Superb acoustics don’t seem to have been enough to guarantee its use, except for classical and orchestral gigs.

      • Lanthanide 3.2.1

        I’d suggest probably the lack of car-parking and difficult transport makes it less desirable for those sorts of things.

  4. David H 4

    But not forgetting that Joyce had a go at Auckland university’s for not offering enough Engineering courses, and threatening the same democracy as they give to canty council.

    http://www.3news.co.nz/Joyce-threatens-academic-freedom–Greens/tabid/1607/articleID/277252/Default.aspx

    So that’s why Brownlee’s face, zoomed in, close up, was on TV this morning scaring my boy. It looked like a a veiled threat. My way, or else.

    http://www.stuff.co.nz/the-press/news/christchurch-earthquake-2011/7983889/Brownlee-queries-councils-Town-Hall-decision

  5. irascible 5

    Consider that Parrota and the Cabinet have opted for the most expensive proposal for restructuring of ChCh schools with the note that if the wishes of the communities are taken into account the cabinet’s preference will be at risk and you can see that democracy is far from the minds of this KeY owned cabinet.

    The spin to be used to justify the $1Billion + option is that this will benefit low achieving Maori& Pasifika children. An assertion that, from the reporting available on RNZ, appears to be based on an assumption that by combining schools best practice from both will be combined into super programmes that will boost the identified preferred groups. Sounds like the same spin, later proven to be false by Issacs, that Charter Schools would be directed to boosting Maori & Pasifika achievement in South Auckland and Christchurch as that would be where such schools would be based.

Leave a Comment

Show Tags

Recent Comments

Recent Posts

  • Why has Pike footage been hidden for so long?
    New footage of workers servicing a robot in the Pike River drift appears to show that going into the drift doesn’t pose the danger the Government and Solid Energy claimed, says Leader of the Opposition Andrew Little. ...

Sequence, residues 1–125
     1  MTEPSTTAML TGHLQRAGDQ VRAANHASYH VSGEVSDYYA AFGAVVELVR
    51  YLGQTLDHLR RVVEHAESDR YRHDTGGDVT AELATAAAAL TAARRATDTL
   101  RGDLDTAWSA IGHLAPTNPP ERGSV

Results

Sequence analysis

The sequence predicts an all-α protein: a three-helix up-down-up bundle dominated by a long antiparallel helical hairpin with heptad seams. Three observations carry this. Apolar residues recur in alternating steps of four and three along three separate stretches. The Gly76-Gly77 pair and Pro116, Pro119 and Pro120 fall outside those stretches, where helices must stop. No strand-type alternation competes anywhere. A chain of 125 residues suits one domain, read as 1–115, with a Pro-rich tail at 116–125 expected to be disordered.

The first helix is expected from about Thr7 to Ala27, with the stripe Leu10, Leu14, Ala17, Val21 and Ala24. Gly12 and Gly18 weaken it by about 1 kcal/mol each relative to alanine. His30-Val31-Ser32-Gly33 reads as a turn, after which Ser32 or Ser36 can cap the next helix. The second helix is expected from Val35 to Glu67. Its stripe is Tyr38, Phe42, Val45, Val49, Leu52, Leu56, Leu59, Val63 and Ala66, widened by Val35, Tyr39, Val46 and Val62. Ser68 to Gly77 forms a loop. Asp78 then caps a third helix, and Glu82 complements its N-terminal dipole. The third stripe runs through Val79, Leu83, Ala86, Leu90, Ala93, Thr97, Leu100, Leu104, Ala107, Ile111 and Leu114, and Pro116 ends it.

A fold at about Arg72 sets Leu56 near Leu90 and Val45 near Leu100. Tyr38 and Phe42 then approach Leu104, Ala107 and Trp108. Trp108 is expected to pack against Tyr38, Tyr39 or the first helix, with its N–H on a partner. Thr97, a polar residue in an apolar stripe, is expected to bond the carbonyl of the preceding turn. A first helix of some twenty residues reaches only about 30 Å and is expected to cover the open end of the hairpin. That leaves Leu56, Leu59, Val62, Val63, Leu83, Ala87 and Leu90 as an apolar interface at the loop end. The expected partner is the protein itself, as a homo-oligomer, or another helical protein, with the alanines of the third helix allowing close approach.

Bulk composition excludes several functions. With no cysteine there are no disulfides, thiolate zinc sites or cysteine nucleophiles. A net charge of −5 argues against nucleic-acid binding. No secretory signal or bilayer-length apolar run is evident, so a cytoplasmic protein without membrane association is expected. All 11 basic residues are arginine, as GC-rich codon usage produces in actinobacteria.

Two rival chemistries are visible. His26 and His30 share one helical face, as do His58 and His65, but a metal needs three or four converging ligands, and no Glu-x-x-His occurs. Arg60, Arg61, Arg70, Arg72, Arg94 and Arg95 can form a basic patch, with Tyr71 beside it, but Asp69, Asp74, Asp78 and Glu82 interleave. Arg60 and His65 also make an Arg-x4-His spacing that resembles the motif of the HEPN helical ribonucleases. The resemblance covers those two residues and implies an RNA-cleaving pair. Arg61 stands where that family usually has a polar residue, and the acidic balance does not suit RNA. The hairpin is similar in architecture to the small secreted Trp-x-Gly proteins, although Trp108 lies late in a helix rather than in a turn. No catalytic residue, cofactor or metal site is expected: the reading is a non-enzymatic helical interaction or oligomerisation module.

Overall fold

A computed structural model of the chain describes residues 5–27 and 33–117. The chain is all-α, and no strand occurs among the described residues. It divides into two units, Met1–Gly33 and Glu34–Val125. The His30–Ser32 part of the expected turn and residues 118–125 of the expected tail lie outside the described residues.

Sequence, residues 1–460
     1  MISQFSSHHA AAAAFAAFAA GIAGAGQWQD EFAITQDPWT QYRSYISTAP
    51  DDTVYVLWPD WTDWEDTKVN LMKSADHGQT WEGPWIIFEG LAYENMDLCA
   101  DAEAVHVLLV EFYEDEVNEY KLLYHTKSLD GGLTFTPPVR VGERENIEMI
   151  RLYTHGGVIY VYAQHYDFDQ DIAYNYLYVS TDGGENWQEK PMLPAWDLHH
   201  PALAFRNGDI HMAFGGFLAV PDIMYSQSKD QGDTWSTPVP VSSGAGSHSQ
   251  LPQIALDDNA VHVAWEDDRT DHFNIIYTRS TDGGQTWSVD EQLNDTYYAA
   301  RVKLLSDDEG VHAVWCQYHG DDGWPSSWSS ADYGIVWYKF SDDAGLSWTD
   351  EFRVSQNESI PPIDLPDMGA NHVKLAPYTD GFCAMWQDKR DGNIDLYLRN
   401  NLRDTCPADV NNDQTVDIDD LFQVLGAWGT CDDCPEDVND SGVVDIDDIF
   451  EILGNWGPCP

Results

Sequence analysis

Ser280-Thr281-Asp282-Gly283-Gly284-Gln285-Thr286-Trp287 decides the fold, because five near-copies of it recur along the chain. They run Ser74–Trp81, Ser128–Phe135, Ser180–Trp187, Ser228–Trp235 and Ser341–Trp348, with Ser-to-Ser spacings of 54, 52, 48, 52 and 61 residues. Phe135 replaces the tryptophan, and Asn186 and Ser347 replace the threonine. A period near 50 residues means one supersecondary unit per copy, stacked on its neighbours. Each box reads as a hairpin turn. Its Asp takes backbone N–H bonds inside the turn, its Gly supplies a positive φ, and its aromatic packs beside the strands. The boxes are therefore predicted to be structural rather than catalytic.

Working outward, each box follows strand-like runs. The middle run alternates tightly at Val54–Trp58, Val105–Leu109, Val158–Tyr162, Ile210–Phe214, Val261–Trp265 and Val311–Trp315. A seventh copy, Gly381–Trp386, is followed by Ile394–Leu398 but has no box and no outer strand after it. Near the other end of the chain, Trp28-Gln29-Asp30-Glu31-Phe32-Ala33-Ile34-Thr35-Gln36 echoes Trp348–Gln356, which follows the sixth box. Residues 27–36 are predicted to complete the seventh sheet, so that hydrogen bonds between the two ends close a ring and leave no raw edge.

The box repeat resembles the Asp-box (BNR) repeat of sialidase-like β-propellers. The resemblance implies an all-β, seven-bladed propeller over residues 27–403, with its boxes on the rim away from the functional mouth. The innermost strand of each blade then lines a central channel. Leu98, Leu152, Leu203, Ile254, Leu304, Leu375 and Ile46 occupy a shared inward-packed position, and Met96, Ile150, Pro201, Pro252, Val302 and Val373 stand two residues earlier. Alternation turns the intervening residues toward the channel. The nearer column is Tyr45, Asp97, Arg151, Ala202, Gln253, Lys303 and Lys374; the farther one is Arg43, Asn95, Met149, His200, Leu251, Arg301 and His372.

4 hours ago
  • Nats’ housing policy fails to keep pace with population growth
    Auckland got less than half the new houses it needed in the past year to keep up with record population growth, says Labour’s Housing spokesperson Phil Twyford. ...
    2 days ago
  • Urgent action needed on dirty rivers
    The Our Fresh Water Environment 2017 report re-confirms that we need urgent action to clean up our rivers. Meanwhile, National is standing by as our rivers get even more polluted, says Labour’s Environment spokesperson David Parker. “This report is yet ...
    3 days ago
  • Where there’s smoke and mirrors, there’s Steven Joyce
    Steven Joyce’s much vaunted pre-Budget speech is simply an underwhelming response to the infrastructure deficit National has created, says Labour’s Finance Spokesperson Grant Robertson. “Steven Joyce has belatedly come to the realisation that everyone else has a long time ago, ...
    3 days ago
  • Time to stamp out cold, mouldy rentals
    New figures show a small number of landlords are letting down the sector by renting cold, mouldy rentals. These houses need to be brought up to a decent standard for people to live in by Andrew Little’s Healthy Homes Bill, ...
    4 days ago
  • Time for fresh approach on immigration
    Latest figures showing another record year for immigration underlines the need for an urgent rethink on how this country can continue to absorb so many people, says Labour Leader Andrew Little. “New Zealand needs immigrants and is all the better ...
    4 days ago
  • Bring back the Mental Health Commission
    The People’s Mental Health Review is a much needed wake up call for the Government on mental health, says the Leader of the Opposition Andrew Little.   “I applaud their proposal to restore a Mental Health Commission and their call for ...
    6 days ago
  • And the band played on…
    Making Amy Adams the Housing Minister five months out from the election is just the orchestra playing on as National’s Titanic housing crisis slips below the waves – along with the hopes and dreams of countless Kiwi families, says Labour’s ...
    6 days ago
  • Hotel no place for children in care
    ...
    1 week ago
  • Maybe not, Minister? Nick Smith’s housing measure suppressed
    Sir Humphrey: Minister, remember the Housing Affordability Measure work you asked us to prepare back in 2012? Well, it’s ready now.Minister Smith: Oh goodie, what does it say?Sir Humphrey: Nothing.Minister Smith: Nothing?Sir Humphrey: Well, sir, you asked us to prepare ...
    1 week ago
  • Inflation data shows many New Zealanders are worse off under National